The once sleepy San Miguel de Allende is undergoing a revival.

First Published March 2012 Nestled in the mountains of central Mexico, San Miguel de Allende has long enjoyed its low-key status as a popular retreat for second-home expats from the U.S. and Canada. With its colonial charm, temperate weather and artsy vibe, it was a perfect retirement spot—and, consequently, a little too sleepy for the jet-set crowd. But a pair of stylish new hotels, some farm-to-table dining and the arrival of a luxe spa are setting the town up for a serious revival.San Miguel Check In Set on a 13-acre property, Rosewood San Miguel takes its architectural cues from traditional Mexican haciendas. To wit: a central courtyard, arched doorways and stone paths that lead to a tequila bar, lavender-scented gardens and tiered swimming pools with, yes, pool butlers. Refreshing towelette? Kiwitini? Sí, cómo no. Wooden floors and beamed ceilings stand out against creamy walls and delicate bedspreads in the 67 rooms, outfitted with a mix of Mexican and Spanish colonial pieces. Signature treatments at Sense Spa focus on local healing traditions and indigenous ingredients—like a mole spice and cocoa scrub to help increase circulation. At its 1826 Restaurant, dine on traditional Mexican dishes reinvented (the crispy corn empanadas with shredded chicken and Oaxacan cheese are a delight), and catch the sunset at Luna, the rooftop bar overlooking the city and cathedral.Hotel Matilda offers something entirely different: contemporary style fused with a museum-worthy art collection. The owner, an avid collector, named the hotel after his mother, whose portrait—painted by Diego Rivera—hangs in the chic library lounge. Pieces by Bosco Soldi and Spencer Tunick are peppered around the sleek property; 32 spacious rooms are perfect canvases for showcasing creature comforts. Past the lip of an infinity pool is the spa, where guests relax in an outdoor lounge, indulge in massages or detox in a private hammam steam room.Like a diligent curator, chef Jorge Boneta spent months researching and tasting before partnering with small organic farmers, ranchers and dairymen to procure the best ingredients for Restaurant Matilda. Boneta cures and smokes his own bacon and sausage, and crafts artisanal cheeses from raw organic milk, and herbs and fruits from the organic garden make their way into tequila cocktails at Bar Matilda.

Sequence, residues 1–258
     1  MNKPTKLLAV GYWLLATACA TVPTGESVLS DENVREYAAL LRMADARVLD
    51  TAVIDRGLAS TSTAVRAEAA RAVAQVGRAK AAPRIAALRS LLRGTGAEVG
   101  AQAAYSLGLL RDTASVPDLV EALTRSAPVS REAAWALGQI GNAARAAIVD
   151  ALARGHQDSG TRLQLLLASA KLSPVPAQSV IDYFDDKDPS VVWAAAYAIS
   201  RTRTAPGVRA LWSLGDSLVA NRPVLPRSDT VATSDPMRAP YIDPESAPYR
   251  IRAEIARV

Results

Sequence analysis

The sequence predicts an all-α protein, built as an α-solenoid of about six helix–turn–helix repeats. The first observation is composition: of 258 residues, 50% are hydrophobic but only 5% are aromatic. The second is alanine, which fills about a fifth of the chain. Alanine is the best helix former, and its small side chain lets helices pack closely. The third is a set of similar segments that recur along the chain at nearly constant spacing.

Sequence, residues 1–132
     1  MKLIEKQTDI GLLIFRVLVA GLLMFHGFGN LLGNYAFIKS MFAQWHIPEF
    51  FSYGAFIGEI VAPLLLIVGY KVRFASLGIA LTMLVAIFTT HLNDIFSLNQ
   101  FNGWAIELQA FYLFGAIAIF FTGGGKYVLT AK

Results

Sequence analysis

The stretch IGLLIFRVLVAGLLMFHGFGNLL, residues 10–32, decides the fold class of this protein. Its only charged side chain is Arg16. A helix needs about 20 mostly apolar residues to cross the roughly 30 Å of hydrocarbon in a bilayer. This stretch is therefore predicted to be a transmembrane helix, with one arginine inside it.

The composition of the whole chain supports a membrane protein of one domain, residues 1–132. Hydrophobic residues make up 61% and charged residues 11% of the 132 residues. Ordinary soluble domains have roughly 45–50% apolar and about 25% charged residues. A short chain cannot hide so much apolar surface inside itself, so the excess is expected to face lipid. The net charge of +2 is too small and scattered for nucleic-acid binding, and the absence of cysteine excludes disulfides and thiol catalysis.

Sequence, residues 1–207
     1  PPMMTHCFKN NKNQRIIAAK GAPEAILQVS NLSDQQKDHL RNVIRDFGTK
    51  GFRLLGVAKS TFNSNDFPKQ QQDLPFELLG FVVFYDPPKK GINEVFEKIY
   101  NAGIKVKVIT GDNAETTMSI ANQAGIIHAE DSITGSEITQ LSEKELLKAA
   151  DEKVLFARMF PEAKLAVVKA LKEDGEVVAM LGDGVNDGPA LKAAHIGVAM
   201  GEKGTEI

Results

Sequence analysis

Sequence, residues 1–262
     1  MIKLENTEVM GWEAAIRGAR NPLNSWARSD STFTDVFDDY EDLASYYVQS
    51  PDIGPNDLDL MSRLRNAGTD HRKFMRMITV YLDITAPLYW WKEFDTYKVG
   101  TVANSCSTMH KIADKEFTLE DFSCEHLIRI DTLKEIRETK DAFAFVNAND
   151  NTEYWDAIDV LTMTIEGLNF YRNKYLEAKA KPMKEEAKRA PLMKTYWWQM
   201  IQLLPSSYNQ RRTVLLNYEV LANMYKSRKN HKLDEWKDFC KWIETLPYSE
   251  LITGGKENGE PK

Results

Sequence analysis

San Miguel 2 Enjoy a few delectable pastries from Cumpanio. Skip the Siesta Take in San Miguel’s architectural highlights during a guided walking tour with Arturo Morales Tirado (+52-415-152-7342). Then stop at Café San Augustin (+52-415-154-9102) to taste the best churros y chocolate outside Barcelona: a steaming cup of chocolate with three deep-fried pastries dredged in sugar, perfect for dunking. To complete the carb fiesta grab a few flaky croissants to go from nearby Cumpanio . Hecho en México The serape, a traditional shawl, is reinvented at Recreo San Miguel (Recreo #26), where skilled artisans weave delicate cashmeres, silks, linens and wools imported from New Zealand and Italy.Juana Carta Textile Art (+52-415-152-6417) works with more than 200 artisans in Oaxaca who harvest cotton, then weave their magic into textile art using pre-Hispanic backstrap looms.Down the street at Casa Cofradia (+52-415-154-4538), a local craftsman bottles top-notch tequila in beautiful ceramic vessels of his own creation.Pick up dense pralines and truffles at Chocolates Johfrej .Explore FÁbrica La Aurora , where working artist studios, galleries, antique shops and restaurants line the historic hallways of a onetime textile factory from the turn of the last century.

San Migeul 3 Visit Recreo San Miguel to see skilled Artisans at work.